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Gardai can have access to mobiles and other devices under new powers; refusal to provide password is a criminal offense

DUBLIN: Justice Minister Heather Humphries on Monday announced new legislation that would give the Gardai more powers in the country. According to provisions in the updated Garda Siochana Bill, Gardai can demand passwords for a mobile phone or other devices from anybody as part of a case investigation. Failure to do so will result in criminal charges and prosecution.

The amendment comes in the wake of a rise in online crime in Ireland. Refusing to provide a password to gardai is a criminal punishable by up to five years in prison and a fine of up to €30,000.

Online crime is reported to have increased during the lockdown period. Financial fraud and drug trafficking communications are some of the crimes that take place online. The current law amendment also takes into account the possibility that such crimes would continue even after the lockdown is lifted.

The new Bill also allows gardai to arrest and detain a person until the name and other identity details he provided to gardai are verified. Officers can also stop and search vehicles, with random stops permitted while investigating child abduction or human trafficking cases.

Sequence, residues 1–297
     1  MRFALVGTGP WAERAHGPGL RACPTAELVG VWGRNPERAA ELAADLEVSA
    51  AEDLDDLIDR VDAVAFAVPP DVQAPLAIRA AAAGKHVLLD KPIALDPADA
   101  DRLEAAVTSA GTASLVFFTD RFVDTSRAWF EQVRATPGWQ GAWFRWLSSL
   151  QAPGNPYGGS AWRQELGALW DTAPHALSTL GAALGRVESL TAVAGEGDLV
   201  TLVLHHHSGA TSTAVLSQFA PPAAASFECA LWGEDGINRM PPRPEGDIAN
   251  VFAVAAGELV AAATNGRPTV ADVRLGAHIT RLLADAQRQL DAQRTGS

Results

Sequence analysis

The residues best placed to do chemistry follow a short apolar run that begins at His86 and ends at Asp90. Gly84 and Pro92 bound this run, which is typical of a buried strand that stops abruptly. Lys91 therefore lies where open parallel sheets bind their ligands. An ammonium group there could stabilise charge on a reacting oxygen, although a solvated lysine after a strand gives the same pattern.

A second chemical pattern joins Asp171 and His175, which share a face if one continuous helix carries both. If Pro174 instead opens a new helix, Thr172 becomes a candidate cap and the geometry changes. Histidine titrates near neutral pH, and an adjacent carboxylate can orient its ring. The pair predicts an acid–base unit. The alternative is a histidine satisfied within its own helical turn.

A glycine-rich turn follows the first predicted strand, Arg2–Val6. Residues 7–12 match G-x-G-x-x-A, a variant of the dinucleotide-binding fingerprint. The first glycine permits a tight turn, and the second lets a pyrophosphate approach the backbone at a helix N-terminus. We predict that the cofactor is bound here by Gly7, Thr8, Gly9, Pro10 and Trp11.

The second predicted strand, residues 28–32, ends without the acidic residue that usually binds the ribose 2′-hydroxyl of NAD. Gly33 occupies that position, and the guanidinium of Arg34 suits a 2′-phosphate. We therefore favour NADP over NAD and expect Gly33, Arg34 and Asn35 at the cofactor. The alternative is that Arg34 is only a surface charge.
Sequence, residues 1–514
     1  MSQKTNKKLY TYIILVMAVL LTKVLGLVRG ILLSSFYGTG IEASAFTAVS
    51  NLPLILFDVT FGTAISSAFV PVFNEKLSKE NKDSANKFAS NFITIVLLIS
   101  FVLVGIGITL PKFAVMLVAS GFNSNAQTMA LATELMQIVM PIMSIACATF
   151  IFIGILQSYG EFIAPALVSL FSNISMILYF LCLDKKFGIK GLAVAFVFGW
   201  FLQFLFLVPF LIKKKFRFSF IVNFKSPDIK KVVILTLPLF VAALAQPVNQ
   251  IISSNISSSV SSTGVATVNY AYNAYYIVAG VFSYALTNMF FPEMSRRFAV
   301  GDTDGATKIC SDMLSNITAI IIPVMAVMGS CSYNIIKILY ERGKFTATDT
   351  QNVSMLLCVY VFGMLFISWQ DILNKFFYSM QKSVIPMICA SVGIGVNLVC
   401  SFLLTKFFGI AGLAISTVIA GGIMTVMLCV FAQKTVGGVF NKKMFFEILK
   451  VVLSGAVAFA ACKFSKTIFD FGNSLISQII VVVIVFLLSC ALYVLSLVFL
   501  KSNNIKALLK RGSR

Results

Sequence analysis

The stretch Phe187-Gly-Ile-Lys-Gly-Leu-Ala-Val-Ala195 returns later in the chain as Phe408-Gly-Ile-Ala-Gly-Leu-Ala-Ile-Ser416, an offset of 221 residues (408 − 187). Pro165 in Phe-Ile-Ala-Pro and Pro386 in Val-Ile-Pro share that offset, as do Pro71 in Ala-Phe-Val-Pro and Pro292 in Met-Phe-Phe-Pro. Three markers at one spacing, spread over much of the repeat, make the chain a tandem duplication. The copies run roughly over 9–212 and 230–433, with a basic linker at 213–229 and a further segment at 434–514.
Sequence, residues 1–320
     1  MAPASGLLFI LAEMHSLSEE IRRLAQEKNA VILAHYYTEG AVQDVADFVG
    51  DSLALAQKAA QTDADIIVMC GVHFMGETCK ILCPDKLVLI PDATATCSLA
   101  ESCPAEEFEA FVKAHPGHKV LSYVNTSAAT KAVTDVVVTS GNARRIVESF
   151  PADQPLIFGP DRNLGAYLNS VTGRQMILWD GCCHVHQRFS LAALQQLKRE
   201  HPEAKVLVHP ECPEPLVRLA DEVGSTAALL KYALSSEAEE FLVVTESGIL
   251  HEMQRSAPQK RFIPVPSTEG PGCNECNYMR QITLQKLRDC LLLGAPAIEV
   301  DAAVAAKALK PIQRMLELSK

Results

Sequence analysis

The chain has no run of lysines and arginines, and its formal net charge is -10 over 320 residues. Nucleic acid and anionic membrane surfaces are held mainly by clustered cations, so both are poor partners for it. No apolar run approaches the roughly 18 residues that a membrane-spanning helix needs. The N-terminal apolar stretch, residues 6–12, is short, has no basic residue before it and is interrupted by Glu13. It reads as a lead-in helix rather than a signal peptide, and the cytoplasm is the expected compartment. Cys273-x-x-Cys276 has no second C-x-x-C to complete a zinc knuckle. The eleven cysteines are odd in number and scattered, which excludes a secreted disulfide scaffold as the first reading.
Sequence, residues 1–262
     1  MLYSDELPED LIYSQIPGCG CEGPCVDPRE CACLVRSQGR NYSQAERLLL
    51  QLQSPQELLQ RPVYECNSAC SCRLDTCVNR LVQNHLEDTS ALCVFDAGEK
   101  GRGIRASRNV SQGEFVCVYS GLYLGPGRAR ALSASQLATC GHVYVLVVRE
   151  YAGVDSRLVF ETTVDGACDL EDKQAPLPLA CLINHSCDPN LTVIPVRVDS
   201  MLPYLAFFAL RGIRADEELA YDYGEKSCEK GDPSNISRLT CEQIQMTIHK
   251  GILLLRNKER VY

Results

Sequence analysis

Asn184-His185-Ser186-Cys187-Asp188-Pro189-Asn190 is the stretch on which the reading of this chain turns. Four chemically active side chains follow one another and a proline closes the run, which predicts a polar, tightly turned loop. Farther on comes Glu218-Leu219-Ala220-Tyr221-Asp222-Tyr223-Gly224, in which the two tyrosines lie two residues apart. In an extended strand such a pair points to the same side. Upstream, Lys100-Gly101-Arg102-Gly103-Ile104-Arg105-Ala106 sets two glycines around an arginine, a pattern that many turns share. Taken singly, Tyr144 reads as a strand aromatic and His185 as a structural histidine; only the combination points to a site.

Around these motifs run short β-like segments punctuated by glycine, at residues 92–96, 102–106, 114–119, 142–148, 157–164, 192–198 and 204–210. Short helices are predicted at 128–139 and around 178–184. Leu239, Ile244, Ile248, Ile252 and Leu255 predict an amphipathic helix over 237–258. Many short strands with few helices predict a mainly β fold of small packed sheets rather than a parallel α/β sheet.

Gardai welcomes the proposed law

Gardai says there is a digital dimension to the investigation of almost every crime currently being reported in the country. They also say that having the right to compel people to hand over passwords will significantly speed up the investigation. It will also assist criminal investigators who are tasked with bypassing passwords and encryptions during investigations.

Privacy concerns

Legal and privacy experts have described the new policing powers bill as “very concerning”.

The chair of Digital Rights Ireland, TJ McIntyre, said the powers apply to all search warrants, meaning gardai can access suspects’ digital devices even for minor investigations.

McIntyre explained that once gardai gain access to a phone or computer, they will also have access to email, bank, and Google drive accounts, as well as encrypted messaging services. “This makes it much more invasive than tradition types of search warrants,” he said. 

“It is very concerning, there are huge powers being created here,” said Dr Vicky Conway, associate professor of law at Dublin City University. “The general power of arrest without charge is being expanded massively, there is a power of detention for stop and search, and a very broad power of seizure of items upon arrest,” he added.

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